Hein and Hoover to receive academic advising award

Hein and Hoover to receive academic advising award

Athens, Ga. – Katie D. Hein, an academic professional in the College of Public Health, and Timothy R. Hoover, a faculty member in the Franklin College of Arts and Sciences, will receive the University of Georgia 2007 Outstanding Undergraduate Academic Advisor Award.

The award is presented each spring to recognize faculty and staff members for excellence in advising undergraduate students on selection of classes and course of study, assisting them with academic problems and providing guidance on related matters, including decisions about graduate school and careers.

Hein, an academic professional in the department of health promotion and behavior, has been an academic advisor for undergraduates majoring in health promotion for 14 years. She advises every undergraduate in the department – about 130 students – each term. Hein holds bachelor’s, master’s and doctoral degrees in health education from UGA.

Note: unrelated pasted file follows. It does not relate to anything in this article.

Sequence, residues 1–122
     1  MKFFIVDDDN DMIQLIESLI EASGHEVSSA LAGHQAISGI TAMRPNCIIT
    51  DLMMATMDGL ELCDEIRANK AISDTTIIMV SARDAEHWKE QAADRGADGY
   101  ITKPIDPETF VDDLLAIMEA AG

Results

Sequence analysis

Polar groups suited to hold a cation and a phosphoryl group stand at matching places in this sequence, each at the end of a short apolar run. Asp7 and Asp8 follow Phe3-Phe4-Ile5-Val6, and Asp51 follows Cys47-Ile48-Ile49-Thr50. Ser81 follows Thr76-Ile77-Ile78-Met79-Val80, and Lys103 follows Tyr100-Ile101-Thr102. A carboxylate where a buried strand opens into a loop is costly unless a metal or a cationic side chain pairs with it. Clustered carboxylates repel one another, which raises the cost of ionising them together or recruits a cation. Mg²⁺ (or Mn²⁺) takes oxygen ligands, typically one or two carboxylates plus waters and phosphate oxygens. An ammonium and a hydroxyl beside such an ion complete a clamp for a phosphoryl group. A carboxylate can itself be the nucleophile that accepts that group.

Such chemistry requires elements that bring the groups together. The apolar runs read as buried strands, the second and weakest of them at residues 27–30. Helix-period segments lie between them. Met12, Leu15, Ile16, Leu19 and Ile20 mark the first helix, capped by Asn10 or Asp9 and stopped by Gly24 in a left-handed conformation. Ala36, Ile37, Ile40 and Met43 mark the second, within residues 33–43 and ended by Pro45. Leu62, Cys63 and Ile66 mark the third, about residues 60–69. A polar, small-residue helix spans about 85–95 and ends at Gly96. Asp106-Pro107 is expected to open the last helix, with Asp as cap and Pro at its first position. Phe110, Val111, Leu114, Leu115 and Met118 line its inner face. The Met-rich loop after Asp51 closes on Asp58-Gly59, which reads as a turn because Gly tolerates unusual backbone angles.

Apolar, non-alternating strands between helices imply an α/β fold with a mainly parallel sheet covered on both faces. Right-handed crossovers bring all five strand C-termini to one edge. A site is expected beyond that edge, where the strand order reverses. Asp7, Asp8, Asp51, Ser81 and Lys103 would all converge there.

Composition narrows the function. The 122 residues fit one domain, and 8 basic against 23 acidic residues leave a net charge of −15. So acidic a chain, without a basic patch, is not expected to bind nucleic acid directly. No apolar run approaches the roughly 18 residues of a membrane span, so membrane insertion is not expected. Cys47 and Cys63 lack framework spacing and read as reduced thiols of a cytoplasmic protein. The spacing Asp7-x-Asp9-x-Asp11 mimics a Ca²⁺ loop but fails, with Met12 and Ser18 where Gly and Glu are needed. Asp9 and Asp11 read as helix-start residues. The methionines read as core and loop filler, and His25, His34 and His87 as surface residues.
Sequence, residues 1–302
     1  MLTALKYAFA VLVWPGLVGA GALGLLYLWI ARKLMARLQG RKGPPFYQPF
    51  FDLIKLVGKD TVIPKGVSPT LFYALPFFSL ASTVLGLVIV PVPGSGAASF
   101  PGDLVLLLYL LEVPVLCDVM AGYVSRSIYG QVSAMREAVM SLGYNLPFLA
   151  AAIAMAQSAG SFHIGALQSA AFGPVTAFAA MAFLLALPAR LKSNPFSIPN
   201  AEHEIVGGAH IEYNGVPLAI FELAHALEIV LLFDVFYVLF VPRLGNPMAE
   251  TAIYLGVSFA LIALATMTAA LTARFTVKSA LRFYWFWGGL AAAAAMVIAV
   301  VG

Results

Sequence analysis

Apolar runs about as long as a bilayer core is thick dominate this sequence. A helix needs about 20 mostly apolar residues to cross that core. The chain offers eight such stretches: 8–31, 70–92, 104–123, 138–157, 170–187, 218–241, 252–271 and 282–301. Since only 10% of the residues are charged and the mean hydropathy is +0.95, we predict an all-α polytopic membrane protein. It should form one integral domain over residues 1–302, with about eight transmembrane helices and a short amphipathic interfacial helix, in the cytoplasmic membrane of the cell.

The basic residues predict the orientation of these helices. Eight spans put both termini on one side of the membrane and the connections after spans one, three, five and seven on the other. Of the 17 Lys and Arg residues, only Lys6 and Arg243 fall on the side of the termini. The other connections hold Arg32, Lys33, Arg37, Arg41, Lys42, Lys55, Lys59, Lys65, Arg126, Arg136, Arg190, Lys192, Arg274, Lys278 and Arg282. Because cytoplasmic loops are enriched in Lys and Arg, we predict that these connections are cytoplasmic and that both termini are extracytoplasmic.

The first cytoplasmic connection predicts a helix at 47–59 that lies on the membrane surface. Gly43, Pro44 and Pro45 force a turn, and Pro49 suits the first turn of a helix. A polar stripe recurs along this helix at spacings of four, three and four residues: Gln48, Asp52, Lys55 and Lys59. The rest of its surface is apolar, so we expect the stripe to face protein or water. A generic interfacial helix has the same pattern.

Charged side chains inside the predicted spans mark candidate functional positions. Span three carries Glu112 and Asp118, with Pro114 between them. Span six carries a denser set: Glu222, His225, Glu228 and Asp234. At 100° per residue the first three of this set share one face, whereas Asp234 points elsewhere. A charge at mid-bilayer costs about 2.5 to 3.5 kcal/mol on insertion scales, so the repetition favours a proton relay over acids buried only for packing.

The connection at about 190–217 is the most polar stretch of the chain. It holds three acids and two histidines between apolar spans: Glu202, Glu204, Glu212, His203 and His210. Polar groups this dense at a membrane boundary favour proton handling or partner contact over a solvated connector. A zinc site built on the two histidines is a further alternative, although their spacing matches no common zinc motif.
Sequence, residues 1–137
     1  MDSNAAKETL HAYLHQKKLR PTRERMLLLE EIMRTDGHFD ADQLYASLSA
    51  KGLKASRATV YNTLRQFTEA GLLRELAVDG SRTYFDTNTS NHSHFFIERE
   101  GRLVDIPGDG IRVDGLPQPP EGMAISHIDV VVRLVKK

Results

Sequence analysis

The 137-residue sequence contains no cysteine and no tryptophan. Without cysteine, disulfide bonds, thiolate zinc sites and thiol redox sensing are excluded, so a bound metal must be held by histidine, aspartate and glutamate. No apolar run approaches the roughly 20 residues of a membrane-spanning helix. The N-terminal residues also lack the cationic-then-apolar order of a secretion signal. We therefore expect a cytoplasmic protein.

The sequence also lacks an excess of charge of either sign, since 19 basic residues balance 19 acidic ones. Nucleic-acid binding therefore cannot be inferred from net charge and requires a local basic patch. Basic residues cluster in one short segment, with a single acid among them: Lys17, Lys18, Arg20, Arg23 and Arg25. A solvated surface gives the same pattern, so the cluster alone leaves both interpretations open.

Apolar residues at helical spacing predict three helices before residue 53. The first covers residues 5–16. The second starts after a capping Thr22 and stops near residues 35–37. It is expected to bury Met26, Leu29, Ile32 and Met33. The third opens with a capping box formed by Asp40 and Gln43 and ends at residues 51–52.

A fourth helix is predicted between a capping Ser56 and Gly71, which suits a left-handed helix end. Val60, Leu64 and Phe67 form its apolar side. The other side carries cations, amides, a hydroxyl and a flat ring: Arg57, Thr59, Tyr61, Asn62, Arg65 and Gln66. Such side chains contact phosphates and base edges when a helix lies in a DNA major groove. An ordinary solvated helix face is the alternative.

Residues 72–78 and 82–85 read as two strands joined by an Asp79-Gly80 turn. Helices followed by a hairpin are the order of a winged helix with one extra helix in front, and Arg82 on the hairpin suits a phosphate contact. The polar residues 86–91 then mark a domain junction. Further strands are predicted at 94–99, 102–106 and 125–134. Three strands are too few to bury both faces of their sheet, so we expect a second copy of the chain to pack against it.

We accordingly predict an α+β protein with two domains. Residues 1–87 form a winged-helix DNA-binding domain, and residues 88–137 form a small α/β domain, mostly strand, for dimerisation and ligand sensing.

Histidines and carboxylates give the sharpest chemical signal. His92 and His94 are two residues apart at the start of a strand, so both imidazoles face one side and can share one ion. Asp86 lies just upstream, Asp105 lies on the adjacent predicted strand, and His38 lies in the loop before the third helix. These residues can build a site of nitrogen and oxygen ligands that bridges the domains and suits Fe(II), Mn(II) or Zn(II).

Hoover, associate head and associate professor in the department of microbiology, won the award for a tenured or tenure-track faculty member. He advises about 60 students each term and also serves as the undergraduate coordinator for the department. Hoover received the UGA Career Services Center’s Faculty Recognition Certificate in 2001 and 2006. A UGA faculty member since 1991, Hoover teaches primarily in the areas of microbiology and biochemistry.

Hein and Hoover will receive a cash award and plaque and will be recognized at Honors Day and the Faculty Recognition Banquet.

Nominations for the advisor award are solicited from deans of UGA’s schools and colleges and the director of the Honors Program. Winners are chosen by a committee that is composed of a majority of students and also includes previous winners and advisor administrators.

In addition to Hein and Hoover, the selection committee chose one advisor to receive a Certificate of Recognition. The recipient is Sharon Shannon of the Grady College of Journalism and Mass Communication.